Rebecca Pomeroy, a Civil War nurse, was assigned to the White House in 1862 to help the grieving Lincoln family deal with the loss of their 11-year-old son, Willie, to typhoid fever. The story of her relationship with the Lincoln family is revealed in a collection of her papers, photographs are artifacts that are now preserved at the Library as part of the Liljenquist Family Collection of Civil War Photographs.
The Library's collections encompassing LGBTQ+ material spans centuries, inlucding unique holdings on world famous figures as well as the lives of every day people. Oscar WIlde, Frances Benjamin Johnston, Alvin Ailey, Leonard Bernstein and silent screen star Alla Nazimova are just some of the major names and collections represented here. Laws that either target or protect gay people are also preserved. This essay explores the range and the depth of the stories these collections reveal.
The Library's 2023 Innovator in Residence, Jeffrey Yoo Warren, is building another doorway to the past with his project, "Seeing Lost Enclaves: Relational Reconstructions of Erased Historic Neighborhoods of Color." Using 3D modeling techniques and insights from the collections, Yoo Warren is developing a virtual reconstruction of the once-bustling Chinatown district in Providence, Rhode Island. A vibrant enclave 100 years ago, the Chinatown of Providence largely has been erased from historical memory.
Carol Lynn Ward Bamford curates the Library's collections of more than 2,000 musical instruments, including the James Madison crystal flute that Lizzo played at a concert last fall, setting social media afire.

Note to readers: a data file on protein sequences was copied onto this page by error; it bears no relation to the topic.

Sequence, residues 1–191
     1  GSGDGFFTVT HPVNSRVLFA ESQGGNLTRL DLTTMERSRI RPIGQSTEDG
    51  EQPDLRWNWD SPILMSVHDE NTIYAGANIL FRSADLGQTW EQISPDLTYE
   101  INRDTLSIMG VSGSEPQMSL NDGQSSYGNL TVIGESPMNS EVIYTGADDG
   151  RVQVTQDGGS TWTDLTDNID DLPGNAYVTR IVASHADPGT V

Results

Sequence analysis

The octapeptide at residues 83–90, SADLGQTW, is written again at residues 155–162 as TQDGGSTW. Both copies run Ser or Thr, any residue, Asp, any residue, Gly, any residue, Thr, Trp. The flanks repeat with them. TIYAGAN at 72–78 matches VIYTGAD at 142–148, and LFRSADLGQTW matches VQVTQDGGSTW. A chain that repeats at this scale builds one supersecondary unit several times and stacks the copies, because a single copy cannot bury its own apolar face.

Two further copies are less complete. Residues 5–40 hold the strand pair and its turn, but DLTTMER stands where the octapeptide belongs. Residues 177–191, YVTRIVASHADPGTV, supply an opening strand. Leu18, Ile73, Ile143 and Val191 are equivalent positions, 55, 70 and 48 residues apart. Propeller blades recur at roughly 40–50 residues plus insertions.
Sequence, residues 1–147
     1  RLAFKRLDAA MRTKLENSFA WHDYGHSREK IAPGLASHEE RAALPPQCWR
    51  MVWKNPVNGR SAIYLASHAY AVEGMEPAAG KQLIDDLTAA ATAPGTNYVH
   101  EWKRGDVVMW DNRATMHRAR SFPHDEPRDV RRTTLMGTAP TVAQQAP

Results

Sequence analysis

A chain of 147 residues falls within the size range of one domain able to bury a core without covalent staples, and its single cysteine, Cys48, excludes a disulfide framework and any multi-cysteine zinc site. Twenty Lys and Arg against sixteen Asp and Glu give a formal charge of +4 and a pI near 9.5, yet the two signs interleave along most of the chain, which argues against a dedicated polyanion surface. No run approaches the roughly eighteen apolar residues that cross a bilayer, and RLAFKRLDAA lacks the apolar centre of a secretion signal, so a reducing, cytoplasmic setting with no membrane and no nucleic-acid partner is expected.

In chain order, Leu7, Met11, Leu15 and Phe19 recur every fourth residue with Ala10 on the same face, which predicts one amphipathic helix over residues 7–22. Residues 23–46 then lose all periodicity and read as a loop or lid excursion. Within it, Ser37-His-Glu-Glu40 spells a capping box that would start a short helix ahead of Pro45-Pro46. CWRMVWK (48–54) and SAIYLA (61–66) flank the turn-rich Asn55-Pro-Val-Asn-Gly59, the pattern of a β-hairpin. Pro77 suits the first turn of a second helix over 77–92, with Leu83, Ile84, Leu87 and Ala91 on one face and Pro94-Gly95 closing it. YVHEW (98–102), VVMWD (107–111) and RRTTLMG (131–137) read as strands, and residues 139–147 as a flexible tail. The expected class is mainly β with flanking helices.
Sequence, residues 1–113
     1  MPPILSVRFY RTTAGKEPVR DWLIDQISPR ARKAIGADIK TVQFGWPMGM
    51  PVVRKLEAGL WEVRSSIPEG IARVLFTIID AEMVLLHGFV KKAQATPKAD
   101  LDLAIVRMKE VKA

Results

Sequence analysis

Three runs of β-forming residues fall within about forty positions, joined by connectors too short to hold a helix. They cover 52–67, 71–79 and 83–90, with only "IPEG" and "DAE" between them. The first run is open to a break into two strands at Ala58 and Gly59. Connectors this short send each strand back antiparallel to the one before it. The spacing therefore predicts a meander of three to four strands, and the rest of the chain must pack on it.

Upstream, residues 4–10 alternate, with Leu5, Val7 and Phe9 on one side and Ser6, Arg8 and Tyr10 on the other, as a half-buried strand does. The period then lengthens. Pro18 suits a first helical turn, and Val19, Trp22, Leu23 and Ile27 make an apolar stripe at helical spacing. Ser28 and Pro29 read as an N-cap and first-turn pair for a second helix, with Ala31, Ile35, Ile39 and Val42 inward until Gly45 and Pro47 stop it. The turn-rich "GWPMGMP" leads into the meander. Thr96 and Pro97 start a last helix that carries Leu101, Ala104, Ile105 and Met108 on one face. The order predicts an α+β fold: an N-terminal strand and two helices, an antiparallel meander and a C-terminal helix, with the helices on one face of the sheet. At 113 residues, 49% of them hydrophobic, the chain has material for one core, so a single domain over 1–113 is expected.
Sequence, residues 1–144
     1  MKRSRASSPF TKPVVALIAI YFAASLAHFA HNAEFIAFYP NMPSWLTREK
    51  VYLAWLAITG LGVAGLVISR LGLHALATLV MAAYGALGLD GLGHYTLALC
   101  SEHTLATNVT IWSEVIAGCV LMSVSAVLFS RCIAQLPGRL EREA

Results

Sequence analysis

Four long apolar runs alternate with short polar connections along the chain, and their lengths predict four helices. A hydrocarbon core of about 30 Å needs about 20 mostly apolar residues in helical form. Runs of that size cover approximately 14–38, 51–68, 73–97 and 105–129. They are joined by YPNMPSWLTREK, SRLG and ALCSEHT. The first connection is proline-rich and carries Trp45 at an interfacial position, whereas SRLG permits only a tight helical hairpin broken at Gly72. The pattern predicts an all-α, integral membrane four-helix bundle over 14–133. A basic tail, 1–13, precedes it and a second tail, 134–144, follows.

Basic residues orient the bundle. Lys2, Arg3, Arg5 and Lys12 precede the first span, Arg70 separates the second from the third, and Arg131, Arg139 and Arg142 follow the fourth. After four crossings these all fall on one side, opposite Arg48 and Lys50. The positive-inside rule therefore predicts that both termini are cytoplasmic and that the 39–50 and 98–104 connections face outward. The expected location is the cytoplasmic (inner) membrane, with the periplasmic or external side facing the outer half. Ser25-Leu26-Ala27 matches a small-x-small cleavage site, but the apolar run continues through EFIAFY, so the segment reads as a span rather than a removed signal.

Lizzo set the social media world afire last fall by playing, in concert, a short solo on a rare crystal flute that once belonged to President James Madison. The flute is one of the Library's most prized musical instruments and a showpiece of the collection of Dayton C. Miller, the famed physicist, astronomer and major flute aficionado. The collection, preserved in a vault at the Library, is not just the world’s largest of flute-related material, it is perhaps the largest collection on a single music subject ever assembled — and it’s what drew Lizzo to the Library in the first place.
This is a guest post by Michelle Krowl, a historian in the Manuscript Division. It appears in the Jan.-Feb. issue of the Library of Congress Magazine. In the wake of emancipation during the Civil War, African Americans submitted petitions to government entities in greater numbers than ever before to advocate for equal treatment before the law. …
This is a guest post by Sahar Kazmi, a writer-editor in the Office of the Chief Information Officer. It appears in the January-February issue of the Library of Congress Magazine. Before the internet meme, there were posters. Once upon a time, posters full of dazzling images and arresting slogans dominated the media landscape. They were displayed in …